Location: Bulembu, Swaziland
Twenty hours of flying and six hours of driving, we had finally made it. My feet hit the ground and joy overcame me. Hope seemed to rush into my heart, restoration resounded in my mind, and a smile crept upon my face despite my eyes screaming exhaustion: I was in Bulembu. Before arriving to this miracle of a village, I spent my days dreaming of what it would be like as my heart fell in love with a place I had never been. The reality of walking the same streets where little joyous feet pounced and played every day because God had rescued them from disastrous circumstances was overwhelming. All of these emotions flooded me and I had only been there for a maximum of two minutes. It seems that I can only adequately use words to describe the first two minutes, but I will attempt to share a few key moments as best I can.
Bulembu is a village focused on orphan care, but it is different than other “orphanages.” It is home. The children were absolutely incredible, as they would line up just to hug your leg or give you a simple, yet abundantly meaningful, hand squeeze. However, it was the staff in the town that really shook me. Their service resembled the true meaning of humility. Everything they did was for the children. I mean EVERYTHING! Their hearts were fixed on God in such an unwavering fashion that love radiated from them in every encounter. I asked one man, James, how he coped – because being a missionary was not an easy, glorious task – and he confidently responded, “Maddie, I get up every day at four a.m. and pray. I depend on God for everything. I am nothing without Him.” This was the first lesson I learned during my time in Bulembu: dependence on God. I started to ask myself these types of questions: “Do I trust God enough to empty my bank account at His feet, give up the very thing my culture chases after every day, and believe that He will be my provider? No.” “Do I even trust God enough that He will provide food on my table if I were to give up my own for those who have none? Honestly, no.” “Do I trust God enough to give up water for someone who otherwise would have to walk miles for it? Well yeah, but as long as I had some left for myself.” Frustrated at this point I asked, “GOD DO I EVEN TRUST YOU AT ALL?!” That night I opened up my Bible and read in Luke’s Gospel “The Cost of Being a Disciple” and was lovingly convicted by the cost of following Jesus with everything I have. My resources, my money, my gifts, my possessions all belong to HIM! When I lay all I have at His feet, the cost might seem great, but the reward is eternal. God teaching me this in the beginning of my trip was an absolute necessity to sustain me through my next greatest lesson.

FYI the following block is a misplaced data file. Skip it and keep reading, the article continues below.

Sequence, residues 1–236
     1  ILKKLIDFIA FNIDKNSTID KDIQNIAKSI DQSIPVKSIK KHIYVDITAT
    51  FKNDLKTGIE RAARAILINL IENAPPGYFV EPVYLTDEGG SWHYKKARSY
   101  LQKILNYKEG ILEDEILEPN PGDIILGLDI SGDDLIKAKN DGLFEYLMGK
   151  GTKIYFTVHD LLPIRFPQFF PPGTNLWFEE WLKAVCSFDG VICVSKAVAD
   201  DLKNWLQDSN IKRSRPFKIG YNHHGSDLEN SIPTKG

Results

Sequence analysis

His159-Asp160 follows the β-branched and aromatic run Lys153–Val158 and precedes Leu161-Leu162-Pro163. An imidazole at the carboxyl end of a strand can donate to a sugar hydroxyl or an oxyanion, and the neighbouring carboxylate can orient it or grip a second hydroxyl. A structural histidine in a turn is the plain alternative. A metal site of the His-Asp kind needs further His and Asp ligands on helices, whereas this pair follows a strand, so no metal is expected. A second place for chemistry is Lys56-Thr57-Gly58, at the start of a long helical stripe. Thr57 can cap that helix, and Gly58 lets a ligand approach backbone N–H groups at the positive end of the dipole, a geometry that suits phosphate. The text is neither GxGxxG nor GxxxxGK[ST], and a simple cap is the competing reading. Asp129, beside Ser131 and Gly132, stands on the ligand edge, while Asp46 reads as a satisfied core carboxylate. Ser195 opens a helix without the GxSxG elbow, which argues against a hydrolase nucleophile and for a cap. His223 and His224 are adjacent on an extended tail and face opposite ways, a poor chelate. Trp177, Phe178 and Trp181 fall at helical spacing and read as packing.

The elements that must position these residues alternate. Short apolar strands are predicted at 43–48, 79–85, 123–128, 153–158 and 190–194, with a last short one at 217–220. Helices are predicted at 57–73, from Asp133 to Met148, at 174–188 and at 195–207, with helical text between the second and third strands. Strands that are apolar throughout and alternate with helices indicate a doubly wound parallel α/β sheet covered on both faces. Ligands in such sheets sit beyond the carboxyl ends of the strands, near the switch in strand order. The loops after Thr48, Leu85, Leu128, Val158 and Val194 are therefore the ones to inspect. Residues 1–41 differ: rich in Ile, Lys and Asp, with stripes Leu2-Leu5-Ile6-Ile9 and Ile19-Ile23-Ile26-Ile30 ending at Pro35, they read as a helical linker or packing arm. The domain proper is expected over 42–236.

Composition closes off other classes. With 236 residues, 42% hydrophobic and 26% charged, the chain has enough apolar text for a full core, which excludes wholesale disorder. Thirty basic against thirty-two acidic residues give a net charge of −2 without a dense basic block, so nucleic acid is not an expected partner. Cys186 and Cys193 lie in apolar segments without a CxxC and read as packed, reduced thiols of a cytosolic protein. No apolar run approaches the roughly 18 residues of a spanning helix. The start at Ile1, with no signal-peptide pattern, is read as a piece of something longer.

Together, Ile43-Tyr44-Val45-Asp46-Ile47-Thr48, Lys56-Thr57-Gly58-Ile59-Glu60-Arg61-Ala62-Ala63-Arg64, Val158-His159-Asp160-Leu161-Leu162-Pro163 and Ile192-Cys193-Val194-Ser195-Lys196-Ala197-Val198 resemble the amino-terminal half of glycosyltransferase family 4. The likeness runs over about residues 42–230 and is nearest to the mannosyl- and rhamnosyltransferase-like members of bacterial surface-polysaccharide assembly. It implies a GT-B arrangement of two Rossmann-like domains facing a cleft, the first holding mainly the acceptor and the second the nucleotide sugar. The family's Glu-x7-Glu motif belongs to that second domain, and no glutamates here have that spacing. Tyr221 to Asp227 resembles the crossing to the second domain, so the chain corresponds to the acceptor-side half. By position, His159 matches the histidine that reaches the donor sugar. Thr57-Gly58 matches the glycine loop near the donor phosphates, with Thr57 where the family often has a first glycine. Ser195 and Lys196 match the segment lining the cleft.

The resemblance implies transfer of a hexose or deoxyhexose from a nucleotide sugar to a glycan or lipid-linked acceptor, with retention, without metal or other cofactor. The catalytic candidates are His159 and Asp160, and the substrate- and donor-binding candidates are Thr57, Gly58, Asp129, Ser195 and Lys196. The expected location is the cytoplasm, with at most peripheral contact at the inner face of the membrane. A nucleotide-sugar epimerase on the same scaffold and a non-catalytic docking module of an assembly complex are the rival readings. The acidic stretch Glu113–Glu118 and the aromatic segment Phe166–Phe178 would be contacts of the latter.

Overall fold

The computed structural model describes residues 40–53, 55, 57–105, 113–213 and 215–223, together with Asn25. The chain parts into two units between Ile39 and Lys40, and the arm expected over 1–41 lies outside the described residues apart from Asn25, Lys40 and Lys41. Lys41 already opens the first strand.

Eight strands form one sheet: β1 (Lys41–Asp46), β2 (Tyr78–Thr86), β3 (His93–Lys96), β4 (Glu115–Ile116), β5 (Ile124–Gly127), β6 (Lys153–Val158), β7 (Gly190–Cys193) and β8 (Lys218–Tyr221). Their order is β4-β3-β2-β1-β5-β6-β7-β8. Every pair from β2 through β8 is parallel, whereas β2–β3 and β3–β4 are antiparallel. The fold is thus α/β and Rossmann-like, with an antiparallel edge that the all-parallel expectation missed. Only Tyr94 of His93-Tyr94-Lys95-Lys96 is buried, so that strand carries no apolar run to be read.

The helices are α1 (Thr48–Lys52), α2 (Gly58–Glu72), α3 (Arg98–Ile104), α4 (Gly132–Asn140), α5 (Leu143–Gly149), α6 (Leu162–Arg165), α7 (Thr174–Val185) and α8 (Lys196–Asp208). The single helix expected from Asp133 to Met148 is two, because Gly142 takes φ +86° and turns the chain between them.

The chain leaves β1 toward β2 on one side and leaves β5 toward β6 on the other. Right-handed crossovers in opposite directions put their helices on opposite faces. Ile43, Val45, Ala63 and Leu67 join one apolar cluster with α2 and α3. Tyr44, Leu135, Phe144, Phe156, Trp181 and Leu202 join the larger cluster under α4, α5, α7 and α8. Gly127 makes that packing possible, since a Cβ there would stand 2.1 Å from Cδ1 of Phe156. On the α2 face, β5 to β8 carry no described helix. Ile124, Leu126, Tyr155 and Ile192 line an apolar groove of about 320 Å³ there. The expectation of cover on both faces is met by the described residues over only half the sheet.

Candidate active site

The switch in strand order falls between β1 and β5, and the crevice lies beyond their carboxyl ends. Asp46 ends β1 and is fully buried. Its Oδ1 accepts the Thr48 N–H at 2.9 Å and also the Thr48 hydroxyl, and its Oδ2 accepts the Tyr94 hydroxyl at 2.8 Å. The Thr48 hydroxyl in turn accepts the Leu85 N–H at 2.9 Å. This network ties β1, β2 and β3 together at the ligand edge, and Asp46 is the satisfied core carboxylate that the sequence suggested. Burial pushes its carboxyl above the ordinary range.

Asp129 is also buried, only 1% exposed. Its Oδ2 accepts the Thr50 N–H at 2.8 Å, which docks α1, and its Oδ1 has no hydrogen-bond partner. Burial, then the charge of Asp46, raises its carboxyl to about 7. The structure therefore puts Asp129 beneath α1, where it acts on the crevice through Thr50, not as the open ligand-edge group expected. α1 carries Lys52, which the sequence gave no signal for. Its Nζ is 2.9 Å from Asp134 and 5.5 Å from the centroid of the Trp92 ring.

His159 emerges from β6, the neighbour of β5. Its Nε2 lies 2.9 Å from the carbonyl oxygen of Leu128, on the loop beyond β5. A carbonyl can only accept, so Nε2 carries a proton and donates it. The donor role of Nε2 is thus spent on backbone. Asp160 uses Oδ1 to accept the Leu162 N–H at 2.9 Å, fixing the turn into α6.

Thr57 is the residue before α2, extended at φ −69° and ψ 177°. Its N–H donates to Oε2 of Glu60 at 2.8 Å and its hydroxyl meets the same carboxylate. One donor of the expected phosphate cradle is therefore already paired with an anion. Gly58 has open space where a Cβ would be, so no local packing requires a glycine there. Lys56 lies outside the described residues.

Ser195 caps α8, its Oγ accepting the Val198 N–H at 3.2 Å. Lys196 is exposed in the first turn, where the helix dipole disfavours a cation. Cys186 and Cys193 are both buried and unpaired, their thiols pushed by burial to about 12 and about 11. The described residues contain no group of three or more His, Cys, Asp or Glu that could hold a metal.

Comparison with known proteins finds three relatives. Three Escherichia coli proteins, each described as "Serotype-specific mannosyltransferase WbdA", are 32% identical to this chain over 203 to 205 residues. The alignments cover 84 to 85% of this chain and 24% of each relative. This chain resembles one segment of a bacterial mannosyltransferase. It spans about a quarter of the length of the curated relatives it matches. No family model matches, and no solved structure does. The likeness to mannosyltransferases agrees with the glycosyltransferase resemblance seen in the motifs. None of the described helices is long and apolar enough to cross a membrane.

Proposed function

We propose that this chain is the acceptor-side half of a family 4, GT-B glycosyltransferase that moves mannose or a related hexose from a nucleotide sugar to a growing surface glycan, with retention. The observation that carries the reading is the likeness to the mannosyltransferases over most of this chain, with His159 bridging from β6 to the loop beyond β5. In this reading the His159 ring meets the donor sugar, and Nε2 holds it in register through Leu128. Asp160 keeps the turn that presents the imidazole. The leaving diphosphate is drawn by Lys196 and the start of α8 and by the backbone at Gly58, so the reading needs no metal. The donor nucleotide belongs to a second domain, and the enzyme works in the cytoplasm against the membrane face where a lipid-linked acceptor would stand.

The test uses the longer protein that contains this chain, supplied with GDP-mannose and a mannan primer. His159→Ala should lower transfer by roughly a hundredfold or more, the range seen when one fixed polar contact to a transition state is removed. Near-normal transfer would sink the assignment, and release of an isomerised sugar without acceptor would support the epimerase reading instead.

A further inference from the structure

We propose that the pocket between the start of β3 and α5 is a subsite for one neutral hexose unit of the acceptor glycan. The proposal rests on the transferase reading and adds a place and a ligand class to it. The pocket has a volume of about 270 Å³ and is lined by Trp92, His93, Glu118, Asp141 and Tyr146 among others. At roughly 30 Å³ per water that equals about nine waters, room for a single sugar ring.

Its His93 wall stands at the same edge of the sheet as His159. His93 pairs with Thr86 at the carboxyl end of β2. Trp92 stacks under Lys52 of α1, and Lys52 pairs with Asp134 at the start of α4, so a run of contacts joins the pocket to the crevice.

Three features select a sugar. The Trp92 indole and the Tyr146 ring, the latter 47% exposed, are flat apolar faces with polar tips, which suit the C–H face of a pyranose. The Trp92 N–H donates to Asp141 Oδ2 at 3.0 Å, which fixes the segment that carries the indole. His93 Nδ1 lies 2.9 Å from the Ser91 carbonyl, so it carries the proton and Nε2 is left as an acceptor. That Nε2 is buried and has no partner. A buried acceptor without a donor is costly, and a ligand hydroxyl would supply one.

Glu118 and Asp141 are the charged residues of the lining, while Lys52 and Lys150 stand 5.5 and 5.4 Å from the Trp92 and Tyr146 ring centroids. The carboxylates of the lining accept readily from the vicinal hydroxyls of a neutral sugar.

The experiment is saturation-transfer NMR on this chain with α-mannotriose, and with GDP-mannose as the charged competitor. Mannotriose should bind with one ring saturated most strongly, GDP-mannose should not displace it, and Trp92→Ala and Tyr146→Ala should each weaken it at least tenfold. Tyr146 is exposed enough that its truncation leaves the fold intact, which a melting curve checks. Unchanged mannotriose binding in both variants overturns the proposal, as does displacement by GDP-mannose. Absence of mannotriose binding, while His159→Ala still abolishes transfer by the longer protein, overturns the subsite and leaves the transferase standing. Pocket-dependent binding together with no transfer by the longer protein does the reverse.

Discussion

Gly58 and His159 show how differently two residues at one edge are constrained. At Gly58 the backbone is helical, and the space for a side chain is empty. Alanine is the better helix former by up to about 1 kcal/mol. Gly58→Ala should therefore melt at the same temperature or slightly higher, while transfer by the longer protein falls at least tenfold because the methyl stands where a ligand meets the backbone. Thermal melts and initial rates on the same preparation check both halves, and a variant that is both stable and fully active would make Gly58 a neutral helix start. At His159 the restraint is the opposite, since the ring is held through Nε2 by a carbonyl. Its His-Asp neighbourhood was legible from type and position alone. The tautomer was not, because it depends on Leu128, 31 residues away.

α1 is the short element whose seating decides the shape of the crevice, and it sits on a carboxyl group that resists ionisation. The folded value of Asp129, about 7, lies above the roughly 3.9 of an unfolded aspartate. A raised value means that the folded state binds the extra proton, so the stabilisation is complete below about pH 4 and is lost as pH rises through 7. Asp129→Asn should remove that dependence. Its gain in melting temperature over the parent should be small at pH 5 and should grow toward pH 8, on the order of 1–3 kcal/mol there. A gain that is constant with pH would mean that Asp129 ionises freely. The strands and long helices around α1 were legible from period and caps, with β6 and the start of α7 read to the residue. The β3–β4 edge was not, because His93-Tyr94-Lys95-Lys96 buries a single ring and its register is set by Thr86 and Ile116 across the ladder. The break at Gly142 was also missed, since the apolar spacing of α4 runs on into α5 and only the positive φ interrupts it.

During our time in Swaziland, we traveled to a village called Lavumisa. This is where it gets more difficult to describe. Lavumisa is the poorest village in Swaziland. They have little to no water in the river they use due to being hit incredibly hard by the drought. Sickness, poverty, and broken families are visible to the naked eye, yet God is moving in mighty ways through an incredible, faithful pastor with a laugh that spreads joy like a wildfire. We assisted them in the medical clinic and saw many difficult things. The hardest of which came when a small, eight year old girl walked in. She was the most beautiful little thing with big brown eyes and a perfect round head. We watched eagerly, prayerfully as she was tested for HIV so desperately believing that there was no way she could be positive, but she was. I finally lost it. I walked outside and wept, unable to look to Heaven for answers because I was so broken over this. I knew in my mind that Swaziland was heavily affected by HIV/AIDS, with the highest rate in the world, but to see it with my own two eyes attacking such innocence, such perfection drew me to the floor questioning God begging Him to take it from her. I finally came to the feet of Jesus and began to recite what I knew to be true of God. “God you are a good father who never will forsake your children. You are a loving Father who will work all things together for those who love Him. You are a victorious Father who defeated sin and death for us. There is nothing in this world that can separate us from your love!” I felt His presence come over me in this moment and He reminded me that she was His princess. She had a crown placed upon her head. She was seen and known by Him. He loves her. I saw what true dependence on God meant in this moment. It didn’t always mean sacrifice. Sometimes it simply meant to know Him intimately. When tragedy strikes, we cannot lower what we know about God to match our pain. Instead, we are to give our pain to Him remaining steadfast on His foundation and believe in faith that what the enemy intends for evil, God is going to use for good. When I think about that precious face, I still cry and pray every time, but I am comforted in knowing that no matter what her outcome is on this earth, her outcome in Heaven will be eternity with her loving, gracious, almighty, powerful, healing, and good Father. I find refuge in depending on knowing God personally and this trip taught me how truly desperate I am for His presence.
I am not quite sure how to conclude. I could write a thousand page book on Bulembu and all its treasures. To sum it up in a few sentences, understand this: no matter how tragic, horrible, miserable, sinful, and absolutely broken this world is, stay intimate with your Heavenly Father and know Him personally. I have seen His power displayed in transforming a hopeless nation, so you, my dear friend, are not too broken for Him to heal. His love is sufficient to sustain you and give you more than you can ask or imagine.